|Posted: May 22, 2017|
Concerns of use of nanotechnologies in the field of brain-machine interfaces(Nanowerk News) In April, Nano2All, a EU Horizon 2020 project, organized a citizen dialogue on the role of nanotechnologies in the field of brain-machine interfaces.
|The dialogue scenario included a short introduction, the building of a 'future object' by pairs of participants, the production of two narratives associated to each object, and finally a reflection on values, needs, and concerns, that emerged from this work.|
|The dialogue had 11 participants (6 women, 5 men): three young adults, 5 adults, and 3 seniors. The role of youngsters in the exercise of building an object was essential. In fact, their imagination and their futuristic visions allowed adults and senior to let themselves free to create and imagine in the first, creative part of the workshop.|
|Through the day, the discussions started to converge to end up in a reflection on values, needs and concerns of the participants with respect to nanotechnologies and their roles in brain-machine interfaces.|
|Overall, participants mainly wished to underline and communicate values to researchers and decision makers, rather than needs or concerns. Among these values, the organizers underline the notion of social life, equality, and independent choice for everyone: science and researchers are asked to take into account and be in agreement with these values in their work.|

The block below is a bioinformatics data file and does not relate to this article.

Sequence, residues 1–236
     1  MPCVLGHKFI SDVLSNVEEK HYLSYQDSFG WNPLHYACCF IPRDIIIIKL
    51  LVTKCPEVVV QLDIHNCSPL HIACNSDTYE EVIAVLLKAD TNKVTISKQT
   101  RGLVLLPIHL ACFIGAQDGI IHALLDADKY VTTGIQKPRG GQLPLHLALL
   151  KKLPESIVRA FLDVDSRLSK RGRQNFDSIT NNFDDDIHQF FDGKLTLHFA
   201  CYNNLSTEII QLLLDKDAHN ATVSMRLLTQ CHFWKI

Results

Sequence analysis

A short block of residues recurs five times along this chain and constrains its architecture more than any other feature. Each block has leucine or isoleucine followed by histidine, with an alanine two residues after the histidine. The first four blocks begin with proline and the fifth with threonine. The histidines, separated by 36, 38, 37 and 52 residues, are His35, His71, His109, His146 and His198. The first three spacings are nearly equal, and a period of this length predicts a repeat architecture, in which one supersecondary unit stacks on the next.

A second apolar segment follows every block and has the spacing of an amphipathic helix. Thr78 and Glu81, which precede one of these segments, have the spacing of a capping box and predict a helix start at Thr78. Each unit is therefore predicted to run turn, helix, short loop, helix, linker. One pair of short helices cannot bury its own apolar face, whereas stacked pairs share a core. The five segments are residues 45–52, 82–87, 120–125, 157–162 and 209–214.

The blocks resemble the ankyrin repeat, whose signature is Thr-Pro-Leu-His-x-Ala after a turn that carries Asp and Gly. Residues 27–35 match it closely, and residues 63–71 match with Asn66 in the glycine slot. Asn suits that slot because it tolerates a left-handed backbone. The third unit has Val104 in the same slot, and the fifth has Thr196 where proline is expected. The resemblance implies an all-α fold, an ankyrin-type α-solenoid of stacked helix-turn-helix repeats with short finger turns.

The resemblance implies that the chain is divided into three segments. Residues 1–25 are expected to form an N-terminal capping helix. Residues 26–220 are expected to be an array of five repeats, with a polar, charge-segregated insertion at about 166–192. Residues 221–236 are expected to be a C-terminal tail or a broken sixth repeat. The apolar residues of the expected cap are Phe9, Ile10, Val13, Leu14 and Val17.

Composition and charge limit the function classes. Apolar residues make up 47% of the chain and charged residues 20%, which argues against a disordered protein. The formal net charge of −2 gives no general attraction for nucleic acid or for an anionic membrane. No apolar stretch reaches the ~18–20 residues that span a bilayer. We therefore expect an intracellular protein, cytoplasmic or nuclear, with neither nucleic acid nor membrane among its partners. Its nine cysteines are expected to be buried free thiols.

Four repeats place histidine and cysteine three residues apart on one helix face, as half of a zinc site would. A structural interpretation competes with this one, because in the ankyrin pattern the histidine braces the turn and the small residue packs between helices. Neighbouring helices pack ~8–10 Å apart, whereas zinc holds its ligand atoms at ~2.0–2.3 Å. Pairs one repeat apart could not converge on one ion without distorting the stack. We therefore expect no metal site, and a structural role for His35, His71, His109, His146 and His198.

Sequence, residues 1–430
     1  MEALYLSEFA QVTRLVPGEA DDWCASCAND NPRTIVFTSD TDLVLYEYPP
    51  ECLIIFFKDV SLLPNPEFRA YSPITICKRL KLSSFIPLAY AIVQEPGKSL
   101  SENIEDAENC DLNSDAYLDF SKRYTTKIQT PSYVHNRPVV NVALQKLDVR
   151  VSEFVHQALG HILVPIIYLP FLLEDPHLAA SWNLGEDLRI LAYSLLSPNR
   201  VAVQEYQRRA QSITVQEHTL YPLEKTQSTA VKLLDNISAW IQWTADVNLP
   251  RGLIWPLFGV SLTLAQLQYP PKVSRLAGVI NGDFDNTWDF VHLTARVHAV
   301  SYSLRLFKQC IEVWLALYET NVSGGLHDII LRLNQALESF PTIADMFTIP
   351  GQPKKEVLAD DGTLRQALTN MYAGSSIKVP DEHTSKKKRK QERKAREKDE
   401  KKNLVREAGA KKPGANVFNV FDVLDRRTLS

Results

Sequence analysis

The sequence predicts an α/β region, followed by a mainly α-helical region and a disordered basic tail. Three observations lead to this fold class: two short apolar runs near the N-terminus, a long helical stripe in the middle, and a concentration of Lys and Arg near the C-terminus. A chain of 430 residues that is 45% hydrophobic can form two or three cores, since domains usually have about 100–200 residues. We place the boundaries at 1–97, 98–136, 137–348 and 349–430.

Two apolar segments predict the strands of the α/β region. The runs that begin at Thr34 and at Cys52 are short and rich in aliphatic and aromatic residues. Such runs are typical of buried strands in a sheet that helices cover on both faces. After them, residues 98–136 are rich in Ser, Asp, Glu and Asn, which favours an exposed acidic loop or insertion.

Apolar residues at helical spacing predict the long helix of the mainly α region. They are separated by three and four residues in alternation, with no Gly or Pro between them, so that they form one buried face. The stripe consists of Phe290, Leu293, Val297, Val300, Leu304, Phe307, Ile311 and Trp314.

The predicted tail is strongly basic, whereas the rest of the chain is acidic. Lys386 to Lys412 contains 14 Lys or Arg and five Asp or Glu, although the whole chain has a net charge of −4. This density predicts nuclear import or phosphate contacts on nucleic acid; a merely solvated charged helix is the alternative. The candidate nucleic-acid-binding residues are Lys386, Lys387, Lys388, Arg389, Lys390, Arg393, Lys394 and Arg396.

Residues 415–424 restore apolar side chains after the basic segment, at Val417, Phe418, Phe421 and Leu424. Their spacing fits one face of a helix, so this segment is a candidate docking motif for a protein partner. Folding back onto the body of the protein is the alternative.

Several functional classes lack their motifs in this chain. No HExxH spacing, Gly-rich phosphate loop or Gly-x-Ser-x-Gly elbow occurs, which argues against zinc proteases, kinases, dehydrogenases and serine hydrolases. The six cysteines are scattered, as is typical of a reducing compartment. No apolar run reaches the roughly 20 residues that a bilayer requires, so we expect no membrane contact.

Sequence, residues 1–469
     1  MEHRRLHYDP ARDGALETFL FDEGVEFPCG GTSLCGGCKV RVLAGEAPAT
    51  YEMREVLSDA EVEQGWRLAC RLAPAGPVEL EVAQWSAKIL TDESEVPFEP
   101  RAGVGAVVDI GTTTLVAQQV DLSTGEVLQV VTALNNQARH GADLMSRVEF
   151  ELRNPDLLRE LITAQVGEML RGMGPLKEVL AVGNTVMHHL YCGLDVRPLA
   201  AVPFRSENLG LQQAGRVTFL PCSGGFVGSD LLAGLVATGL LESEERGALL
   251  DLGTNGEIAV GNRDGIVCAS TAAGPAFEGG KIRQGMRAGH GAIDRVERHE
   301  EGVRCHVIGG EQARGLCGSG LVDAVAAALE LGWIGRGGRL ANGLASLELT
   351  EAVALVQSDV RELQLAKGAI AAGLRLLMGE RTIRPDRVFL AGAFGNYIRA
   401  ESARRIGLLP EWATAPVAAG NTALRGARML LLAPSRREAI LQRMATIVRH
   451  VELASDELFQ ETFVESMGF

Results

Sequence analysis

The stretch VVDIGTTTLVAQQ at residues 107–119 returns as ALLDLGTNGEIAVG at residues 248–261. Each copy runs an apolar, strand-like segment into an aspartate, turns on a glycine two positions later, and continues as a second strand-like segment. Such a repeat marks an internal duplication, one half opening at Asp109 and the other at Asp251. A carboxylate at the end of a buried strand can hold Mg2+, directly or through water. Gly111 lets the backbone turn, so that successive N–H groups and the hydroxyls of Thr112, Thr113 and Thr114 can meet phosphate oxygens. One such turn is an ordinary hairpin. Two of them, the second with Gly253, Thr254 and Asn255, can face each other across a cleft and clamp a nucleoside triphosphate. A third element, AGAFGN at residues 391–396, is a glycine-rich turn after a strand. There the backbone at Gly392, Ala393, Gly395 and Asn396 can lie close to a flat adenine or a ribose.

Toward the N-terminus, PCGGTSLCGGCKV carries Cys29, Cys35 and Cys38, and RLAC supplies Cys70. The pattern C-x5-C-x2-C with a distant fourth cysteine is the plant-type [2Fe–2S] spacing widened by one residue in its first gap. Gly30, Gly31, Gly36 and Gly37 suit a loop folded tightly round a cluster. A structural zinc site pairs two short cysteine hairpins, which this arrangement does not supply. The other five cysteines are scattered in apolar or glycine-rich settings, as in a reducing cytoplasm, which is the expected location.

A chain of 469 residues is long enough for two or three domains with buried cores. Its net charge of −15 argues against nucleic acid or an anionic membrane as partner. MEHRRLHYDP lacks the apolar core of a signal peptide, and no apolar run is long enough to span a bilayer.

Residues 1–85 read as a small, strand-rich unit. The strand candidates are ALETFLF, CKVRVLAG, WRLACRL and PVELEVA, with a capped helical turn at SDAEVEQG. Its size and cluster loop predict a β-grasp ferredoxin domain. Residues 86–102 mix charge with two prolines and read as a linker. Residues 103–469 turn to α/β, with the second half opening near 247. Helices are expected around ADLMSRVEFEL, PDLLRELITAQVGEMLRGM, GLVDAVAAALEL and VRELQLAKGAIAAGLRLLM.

|The need of valuing the human dimension in the development of new technologies also appeared very important for the participants. They specifically pointed out that every technological improvement should be made in collaboration with citizens, and within a very strict ethical framework. In fact, the main worries concerning the development of these technologies are related to an unethical and inappropriate use of data, but also to the health consequences of brain implants.|
|The conclusions of the workshop focused on the importance of controlling those researches in order to strictly remain within the context of medical needs, and not go beyond them.|
|The following table summarizes the main outcomes of the final discussion.|
|(click on image to enlarge)|
|By Michael Berger – Michael is author of three books by the Royal Society of Chemistry: Nano-Society: Pushing the Boundaries of Technology, Nanotechnology: The Future is Tiny, and Nanoengineering: The Skills and Tools Making Technology Invisible Copyright © Nanowerk|
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